Posted by: woodcreeper | August 28, 2008 @ 6:09 am

Big push of birds into and out of Florida

Well, the weather is finally “for the birds”, and they’re taking advantage of it. Recently I received several comments from people hoping to better understand how to use the radar. While I’d love to spend more time developing a full tutorial, I just don’t have the time right now, so I’m including a “quick and dirty” tutorial at the beginning of this post. See below for details. Here’s the radar from 7:00pm last night through 5:00am this morning.

Frames are every 1/2 hour. Click on the thumbnail to view the full-sized animation.
Base Reflectivity image from Key West, FL Base Velocity image from Key West, FL Base Reflectivity image from Miami, FL Base Velocity image from Miami, FL Composite base reflectivity for the Southeastern USA

The Quick and Dirty Explanation of Radar and Bird Migration

Okay, so there are two major products that the NEXRAD produces (there are more, but only two that I use on this website), Base Reflectivity (the blue/green images) and Base Velocity (the red/green) images.

Base reflectivity gives you a measure of “target density”, or the density of the objects in a cubic kilometer (which happens to be the resolution of these images). That density is measured in decibels (dBz), which is shown on the legend to the right of the image. These targets can be weather (which is what the radar is typicall used for), birds, insects, pollen, dust, strafe from millitary bases, and on and on. The radar is pretty sensitive, so filters are often employed to reduce non-biotic clutter (not by my, but by the National Weather Service).

The second product, Base Velocity, shows not the density of the objects, but the overall trajectory and speed of the objects moving across the view of the radar. Cool colors (greens) indicate objects moving toward the radar beam, and warm colors (red) indicate objects moving away from the beam. Picture an imaginary line cutting across the radar at the center and you can get a feel for the overall direction of movement across the circular radar beam.

So, in order to determine whether what we’re seeing is indeed bird migration, I use a few clues. First, does the reflectivity image show an increase in activity just after sunset, and does this increase persist into the early morning hours of the following day? If so, the targets are most likely birds. Why? Because thunderstorms don’t simply appear out of nowhere (although they might seem to when you’re on the ground!), but birds, when they take to the sky after sunset, do “appear” little-by-little in the radar’s view, first close to the origin of the radar, and later further away from the radar, simply due to the shape of the radar beam (think ice-cream cone). Okay, so we see some activity after sunset, but remember, this could be weather, insects, pollen, dust, and in some cases even anomalous propagation (the bending of the radar beam due to temperature inversion after sunset… which happens often when you have really hot days and really cool nights). Well, again the shape can help us, since rain “looks” different than birds, which have a distinctive stipple pattern. But we can also use our second data product to refine our delineation between birds and other biotic and non-biotic targets.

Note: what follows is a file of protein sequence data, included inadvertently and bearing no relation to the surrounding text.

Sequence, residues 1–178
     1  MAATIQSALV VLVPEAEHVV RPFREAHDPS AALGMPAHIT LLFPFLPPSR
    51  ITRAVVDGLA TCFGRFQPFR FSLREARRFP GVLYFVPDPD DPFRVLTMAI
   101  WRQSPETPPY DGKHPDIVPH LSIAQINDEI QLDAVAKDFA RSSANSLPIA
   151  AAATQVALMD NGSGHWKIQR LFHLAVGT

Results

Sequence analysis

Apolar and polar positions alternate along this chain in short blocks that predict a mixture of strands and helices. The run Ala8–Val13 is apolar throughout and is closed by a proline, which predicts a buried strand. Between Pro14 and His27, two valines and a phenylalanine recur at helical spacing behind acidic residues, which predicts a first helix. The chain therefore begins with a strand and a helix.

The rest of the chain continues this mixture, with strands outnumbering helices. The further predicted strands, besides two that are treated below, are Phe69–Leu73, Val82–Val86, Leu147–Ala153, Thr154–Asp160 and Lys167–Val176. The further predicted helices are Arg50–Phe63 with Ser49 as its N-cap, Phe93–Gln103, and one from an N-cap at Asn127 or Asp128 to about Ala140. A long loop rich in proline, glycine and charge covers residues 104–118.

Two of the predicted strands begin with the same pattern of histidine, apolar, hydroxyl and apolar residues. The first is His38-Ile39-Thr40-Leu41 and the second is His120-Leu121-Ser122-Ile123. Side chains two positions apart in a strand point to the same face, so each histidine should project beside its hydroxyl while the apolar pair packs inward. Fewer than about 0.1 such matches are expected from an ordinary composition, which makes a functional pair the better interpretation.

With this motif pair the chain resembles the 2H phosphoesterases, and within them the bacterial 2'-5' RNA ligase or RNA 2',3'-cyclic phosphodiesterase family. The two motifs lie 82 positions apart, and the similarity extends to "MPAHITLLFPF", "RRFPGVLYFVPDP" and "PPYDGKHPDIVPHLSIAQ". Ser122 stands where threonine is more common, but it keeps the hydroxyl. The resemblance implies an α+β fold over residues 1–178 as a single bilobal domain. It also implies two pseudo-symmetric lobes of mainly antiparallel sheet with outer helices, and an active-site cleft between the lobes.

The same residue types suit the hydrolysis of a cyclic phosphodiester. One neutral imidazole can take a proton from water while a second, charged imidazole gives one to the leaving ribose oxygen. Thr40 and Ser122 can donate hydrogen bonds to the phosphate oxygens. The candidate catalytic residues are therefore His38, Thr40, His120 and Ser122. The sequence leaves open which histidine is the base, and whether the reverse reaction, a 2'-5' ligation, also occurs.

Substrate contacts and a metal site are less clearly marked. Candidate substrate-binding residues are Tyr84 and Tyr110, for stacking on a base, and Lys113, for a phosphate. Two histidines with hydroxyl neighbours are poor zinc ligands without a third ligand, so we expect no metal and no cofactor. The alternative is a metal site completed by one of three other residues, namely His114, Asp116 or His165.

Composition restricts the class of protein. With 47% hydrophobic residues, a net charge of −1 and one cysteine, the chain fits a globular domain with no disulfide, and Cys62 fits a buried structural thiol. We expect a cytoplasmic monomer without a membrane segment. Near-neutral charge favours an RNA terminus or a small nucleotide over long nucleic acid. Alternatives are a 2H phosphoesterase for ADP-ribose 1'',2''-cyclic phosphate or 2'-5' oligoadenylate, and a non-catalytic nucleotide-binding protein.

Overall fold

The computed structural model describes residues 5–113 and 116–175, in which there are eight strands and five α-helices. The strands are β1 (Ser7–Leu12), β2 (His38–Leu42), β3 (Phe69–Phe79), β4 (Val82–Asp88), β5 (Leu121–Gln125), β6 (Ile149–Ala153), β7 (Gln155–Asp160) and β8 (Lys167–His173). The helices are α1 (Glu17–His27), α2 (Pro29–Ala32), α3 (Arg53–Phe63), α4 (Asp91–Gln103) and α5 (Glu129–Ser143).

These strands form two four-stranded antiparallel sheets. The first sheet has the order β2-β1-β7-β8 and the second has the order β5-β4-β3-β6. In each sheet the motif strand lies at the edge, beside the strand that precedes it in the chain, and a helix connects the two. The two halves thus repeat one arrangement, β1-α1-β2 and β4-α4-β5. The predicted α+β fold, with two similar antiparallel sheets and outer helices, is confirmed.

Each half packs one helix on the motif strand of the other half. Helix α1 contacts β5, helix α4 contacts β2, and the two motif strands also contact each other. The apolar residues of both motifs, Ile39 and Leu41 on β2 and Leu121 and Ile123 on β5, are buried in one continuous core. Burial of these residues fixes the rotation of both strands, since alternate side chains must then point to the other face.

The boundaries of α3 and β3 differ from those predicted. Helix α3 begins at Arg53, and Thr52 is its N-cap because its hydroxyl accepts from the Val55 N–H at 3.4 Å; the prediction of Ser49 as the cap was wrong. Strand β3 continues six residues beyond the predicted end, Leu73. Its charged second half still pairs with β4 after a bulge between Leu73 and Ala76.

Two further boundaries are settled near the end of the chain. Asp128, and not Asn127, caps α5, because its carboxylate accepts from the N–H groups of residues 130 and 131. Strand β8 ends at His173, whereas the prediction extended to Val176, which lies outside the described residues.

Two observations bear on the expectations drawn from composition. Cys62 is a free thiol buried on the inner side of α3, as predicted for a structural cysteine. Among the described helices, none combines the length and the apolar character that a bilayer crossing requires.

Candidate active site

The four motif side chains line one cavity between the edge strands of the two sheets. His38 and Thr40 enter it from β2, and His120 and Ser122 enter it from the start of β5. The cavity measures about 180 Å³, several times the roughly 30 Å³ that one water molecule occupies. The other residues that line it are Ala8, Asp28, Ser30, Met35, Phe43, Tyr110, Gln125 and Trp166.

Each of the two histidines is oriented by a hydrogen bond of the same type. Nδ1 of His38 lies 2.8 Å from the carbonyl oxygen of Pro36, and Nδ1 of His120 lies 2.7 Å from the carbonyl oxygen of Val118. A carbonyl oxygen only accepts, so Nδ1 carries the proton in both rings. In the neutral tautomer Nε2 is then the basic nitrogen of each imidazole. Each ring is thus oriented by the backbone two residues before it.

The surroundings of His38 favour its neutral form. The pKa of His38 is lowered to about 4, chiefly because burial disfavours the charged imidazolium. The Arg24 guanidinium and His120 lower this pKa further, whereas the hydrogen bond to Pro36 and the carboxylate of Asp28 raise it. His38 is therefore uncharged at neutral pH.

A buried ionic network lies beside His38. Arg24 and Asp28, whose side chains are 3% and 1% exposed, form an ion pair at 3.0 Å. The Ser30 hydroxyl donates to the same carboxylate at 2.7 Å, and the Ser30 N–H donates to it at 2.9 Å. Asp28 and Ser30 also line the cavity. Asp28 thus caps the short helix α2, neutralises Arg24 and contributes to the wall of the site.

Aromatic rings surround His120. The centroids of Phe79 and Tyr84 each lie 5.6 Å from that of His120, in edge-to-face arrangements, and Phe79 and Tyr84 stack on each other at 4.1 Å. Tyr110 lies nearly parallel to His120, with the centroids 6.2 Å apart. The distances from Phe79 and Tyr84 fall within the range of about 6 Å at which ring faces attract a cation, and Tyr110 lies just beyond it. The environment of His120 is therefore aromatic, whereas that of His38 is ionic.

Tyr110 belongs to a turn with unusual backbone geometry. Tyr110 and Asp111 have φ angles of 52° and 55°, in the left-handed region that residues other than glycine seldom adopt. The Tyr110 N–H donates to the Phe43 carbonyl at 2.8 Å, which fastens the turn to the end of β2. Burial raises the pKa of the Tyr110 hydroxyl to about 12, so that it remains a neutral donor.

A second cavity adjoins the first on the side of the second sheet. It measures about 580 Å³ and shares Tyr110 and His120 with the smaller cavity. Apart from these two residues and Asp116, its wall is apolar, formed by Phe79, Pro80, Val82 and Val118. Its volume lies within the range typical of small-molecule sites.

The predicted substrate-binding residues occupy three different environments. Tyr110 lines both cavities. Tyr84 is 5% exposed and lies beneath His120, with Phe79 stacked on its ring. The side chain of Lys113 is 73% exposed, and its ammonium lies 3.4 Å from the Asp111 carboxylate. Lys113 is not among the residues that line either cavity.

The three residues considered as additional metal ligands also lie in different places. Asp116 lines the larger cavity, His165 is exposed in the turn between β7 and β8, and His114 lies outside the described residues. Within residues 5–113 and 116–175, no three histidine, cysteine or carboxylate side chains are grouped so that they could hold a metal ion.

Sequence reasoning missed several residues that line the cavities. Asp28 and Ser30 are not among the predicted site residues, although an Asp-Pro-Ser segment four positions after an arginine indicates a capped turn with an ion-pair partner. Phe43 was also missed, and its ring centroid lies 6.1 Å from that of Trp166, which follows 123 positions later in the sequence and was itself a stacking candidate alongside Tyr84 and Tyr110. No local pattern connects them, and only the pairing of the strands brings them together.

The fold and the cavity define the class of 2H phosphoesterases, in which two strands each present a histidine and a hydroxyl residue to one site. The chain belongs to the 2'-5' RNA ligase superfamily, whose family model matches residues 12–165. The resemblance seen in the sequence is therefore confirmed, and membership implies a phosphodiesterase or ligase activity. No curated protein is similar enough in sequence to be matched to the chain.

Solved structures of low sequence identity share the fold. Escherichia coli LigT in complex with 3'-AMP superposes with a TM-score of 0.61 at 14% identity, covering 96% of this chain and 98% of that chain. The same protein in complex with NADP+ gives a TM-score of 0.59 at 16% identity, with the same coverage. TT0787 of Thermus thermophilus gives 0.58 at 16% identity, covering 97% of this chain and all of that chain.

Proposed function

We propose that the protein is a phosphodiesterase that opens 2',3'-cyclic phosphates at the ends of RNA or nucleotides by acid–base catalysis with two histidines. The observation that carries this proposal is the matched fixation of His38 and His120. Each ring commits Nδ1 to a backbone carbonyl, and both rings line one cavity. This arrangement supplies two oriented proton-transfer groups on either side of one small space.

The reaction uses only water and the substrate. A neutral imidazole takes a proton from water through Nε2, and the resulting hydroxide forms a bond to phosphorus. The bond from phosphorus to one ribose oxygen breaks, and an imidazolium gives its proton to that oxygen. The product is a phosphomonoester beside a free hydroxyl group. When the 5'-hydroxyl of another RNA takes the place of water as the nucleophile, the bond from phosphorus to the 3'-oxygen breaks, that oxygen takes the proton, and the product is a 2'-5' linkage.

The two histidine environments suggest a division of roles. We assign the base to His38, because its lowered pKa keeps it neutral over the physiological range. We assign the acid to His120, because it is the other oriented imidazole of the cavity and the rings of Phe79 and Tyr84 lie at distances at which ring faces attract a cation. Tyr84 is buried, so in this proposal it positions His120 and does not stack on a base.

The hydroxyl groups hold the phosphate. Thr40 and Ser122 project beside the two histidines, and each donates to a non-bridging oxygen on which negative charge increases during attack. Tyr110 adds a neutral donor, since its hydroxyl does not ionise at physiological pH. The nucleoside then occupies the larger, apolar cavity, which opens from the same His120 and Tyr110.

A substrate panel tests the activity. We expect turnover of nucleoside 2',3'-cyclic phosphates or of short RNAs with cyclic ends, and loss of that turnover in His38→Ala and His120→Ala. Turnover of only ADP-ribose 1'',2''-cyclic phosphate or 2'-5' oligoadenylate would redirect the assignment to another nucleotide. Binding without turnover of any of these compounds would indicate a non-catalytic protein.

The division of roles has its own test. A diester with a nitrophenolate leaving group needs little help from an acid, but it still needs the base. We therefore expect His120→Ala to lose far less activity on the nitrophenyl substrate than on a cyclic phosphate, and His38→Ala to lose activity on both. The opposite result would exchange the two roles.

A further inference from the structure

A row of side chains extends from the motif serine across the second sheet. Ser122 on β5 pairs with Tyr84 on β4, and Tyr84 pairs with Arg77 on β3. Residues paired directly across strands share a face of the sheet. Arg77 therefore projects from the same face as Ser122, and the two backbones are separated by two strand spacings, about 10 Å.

Enter the Base Velocity image. This is our “correction factor” image, because it allows us to screen out any data that doesn’t fit the criteria of migrating birds (within reason… remember, this is on a very gross scale!). Using the velocity image you can determine the speed and direction of the objects you saw on the reflectivity image. All things constant, and when the wind is directly behind the bird (a tailwind), birds will tend to migrate 15-20kts faster than the prevailing winds. Therefore, if you check the current wind during the night, and it says it’s blowing 5-10kts out of the north, but the objects on the radar are clearly moving 25-30kts, you have just confirmed bird migration. Dust, pollen, and insects will be moving in the same direction as the wind, always, and always at or very near the winds speed. Now consider last night, where the winds were easterly. Birds aren’t going to migrate due west under these conditions, but instead they can use the easterly winds as a quasi-tailwind, gaining some benefit from their direction, but also having to compensate. Therefore the use of the velocity image becomes less straightforward, and you must adjust for the difference in wind speed and speed of travel, possibly relying more on the shape of the signal on the reflectivity image, it’s behavior during the night, and some confirmation of direction and speed from the velocity image. At some point, the interpretation goes from a strictly analytical one, to a combination of art and science… of course, with the proper tools, one could really deconstruct these images, extract and quantify the birds migrating across the radar’s view, and calculate true density of migration… but the data you see here is way too coarse of a scale, and the necessary tools are generally unavailable to the casual observer.

Migration Report
CERULEAN WARBLER at Barnes! Awesome! Well, hopefully this last push of birds will bring more great birds to the Sunshine State. Based on the reflectivity images birds were moving all across the state last night. Easterly flow dominated, so inland sites on the east coast should fare better than coastal ones, whereas coastal sites on the west coast should be good this morning (Fort DeSoto anyone?). Last night also marked one of the first large-ish pushes of migrants out of south Florida and the Keys heading for Cuba. Okay, I gotta cut this short to get it posted!

Good Birding,


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